The upcoming Daniel K. Inouye Solar Telescope (DKIST) will produce unprecedented high-cadence, high-resolution, and multi-line spectropolarimetric observations of the Sun. New computational techniques are needed to infer the state of the Sun's atmosphere from these observations. Deep learning is a promising approach to this spectropolarimetric inversion problem that can both provide real-time visualizations to astronomers and potentially improve upon existing algorithms by combining spatial, temporal, and multi-spectral information. Here we investigate group equivariant deep learning as a method for inferring the three-dimensional photospheric structures, training on magnetohydrodynamic (MHD) simulations of two types of solar features: sunspots and active regions. Our results demonstrate that including multiple lines improves the mean relative error from 18.6% to 14.4%, averaged over all MHD state variables, and that using group equivariant convolution architectures further improves the mean relative error to 12.5%.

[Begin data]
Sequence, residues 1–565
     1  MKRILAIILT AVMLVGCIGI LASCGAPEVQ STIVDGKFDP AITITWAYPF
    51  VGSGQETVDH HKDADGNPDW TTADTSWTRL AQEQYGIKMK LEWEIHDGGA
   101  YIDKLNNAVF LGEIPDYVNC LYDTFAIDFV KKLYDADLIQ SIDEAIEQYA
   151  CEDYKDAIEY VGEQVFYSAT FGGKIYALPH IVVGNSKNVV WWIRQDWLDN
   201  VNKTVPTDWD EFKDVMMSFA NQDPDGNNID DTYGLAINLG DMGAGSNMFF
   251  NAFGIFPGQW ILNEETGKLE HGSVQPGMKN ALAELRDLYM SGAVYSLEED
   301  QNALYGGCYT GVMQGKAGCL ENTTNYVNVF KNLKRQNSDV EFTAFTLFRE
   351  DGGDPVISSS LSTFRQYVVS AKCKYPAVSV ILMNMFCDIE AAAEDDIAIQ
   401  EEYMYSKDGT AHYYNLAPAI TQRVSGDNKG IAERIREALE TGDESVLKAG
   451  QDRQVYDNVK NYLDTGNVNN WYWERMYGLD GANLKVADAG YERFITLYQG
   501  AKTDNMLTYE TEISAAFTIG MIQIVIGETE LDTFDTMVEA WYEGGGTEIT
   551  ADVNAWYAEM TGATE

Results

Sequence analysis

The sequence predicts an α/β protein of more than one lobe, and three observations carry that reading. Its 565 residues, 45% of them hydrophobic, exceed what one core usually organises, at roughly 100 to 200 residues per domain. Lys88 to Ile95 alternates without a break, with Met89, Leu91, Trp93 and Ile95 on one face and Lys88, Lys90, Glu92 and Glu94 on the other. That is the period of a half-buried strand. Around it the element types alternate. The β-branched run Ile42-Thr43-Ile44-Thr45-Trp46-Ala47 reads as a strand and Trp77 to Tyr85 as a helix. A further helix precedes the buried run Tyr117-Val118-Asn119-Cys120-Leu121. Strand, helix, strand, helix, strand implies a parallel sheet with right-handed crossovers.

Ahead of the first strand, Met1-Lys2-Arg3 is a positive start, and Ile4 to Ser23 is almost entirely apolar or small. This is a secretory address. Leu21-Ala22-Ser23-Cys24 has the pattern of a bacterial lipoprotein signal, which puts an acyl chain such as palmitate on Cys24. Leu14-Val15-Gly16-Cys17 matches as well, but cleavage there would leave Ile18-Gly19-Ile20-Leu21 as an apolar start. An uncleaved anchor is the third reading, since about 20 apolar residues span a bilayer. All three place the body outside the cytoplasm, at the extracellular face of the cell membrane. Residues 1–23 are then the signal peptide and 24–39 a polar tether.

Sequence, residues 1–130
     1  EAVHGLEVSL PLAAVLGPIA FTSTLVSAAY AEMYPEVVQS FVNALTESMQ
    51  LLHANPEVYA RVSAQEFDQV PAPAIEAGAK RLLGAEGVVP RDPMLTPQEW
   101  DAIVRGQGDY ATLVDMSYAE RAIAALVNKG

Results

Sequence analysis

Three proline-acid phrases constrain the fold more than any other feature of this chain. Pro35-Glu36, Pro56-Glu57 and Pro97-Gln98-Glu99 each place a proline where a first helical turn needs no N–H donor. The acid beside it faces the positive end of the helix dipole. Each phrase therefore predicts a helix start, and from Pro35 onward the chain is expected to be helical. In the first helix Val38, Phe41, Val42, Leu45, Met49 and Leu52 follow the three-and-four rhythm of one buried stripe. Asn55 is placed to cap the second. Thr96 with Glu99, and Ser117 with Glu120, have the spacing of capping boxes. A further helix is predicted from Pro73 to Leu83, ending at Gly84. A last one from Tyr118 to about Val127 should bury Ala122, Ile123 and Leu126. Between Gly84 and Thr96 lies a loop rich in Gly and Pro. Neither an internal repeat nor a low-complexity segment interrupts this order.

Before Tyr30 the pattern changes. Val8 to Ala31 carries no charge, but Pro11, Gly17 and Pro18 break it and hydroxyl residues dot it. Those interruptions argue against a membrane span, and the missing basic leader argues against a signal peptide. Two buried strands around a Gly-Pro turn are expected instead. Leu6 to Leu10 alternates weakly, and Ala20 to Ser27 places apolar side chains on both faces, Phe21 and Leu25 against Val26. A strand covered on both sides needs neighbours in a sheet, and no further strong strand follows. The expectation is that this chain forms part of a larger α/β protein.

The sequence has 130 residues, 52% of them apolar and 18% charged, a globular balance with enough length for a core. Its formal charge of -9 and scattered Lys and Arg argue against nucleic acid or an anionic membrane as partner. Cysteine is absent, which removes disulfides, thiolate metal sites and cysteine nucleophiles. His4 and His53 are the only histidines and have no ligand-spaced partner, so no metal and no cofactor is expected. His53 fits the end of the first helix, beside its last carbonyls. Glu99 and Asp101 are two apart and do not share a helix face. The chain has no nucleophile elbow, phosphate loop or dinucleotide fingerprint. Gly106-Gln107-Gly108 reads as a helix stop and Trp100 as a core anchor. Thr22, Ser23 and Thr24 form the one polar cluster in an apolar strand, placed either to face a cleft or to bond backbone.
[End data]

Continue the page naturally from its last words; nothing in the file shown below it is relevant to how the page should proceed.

Michael B Ito, Ian Cunnyngham, Xudong Sun, Peter Sadowski
9:25 am 9:30 am Lightning Talk (5 min) MIMSS: A Dataset to evaluate Multi-Image Multi-Spectral Super-Resolution on Sentinel 2

High resolution remote sensing imagery is used in a broad range of tasks, including detection and classification of objects. It is, however, expensive to obtain, while lower resolution imagery is often freely available and can be used for a range of social good applications. To that end, we curate a multi-image multi-spectral dataset for super-resolution of satellite images. We use PlanetScope imagery from the SpaceNet-7 challenge as the high resolution reference and multiple Sentinel-2 revisits of the same location as the low-resolution imagery. We provide baselines for both single imager super-resolution and multi-image super-resolution. We also provide an ablation on how number of scenes, cloud cover and dynamism in different scenes in the dataset affect performance. Finally, we provide our code to construct the dataset along with implementations of baselines for the community to build upon.

Muhammed T Razzak, Gonzalo Mateo-Garcia, Gurvan Lecuyer, Luis Gomez-Chova, Yarin Gal, Freddie Kalaitzis
9:30 am 9:35 am Lightning Talk (5 min) Learning latent representations for operational nitrogen response rate prediction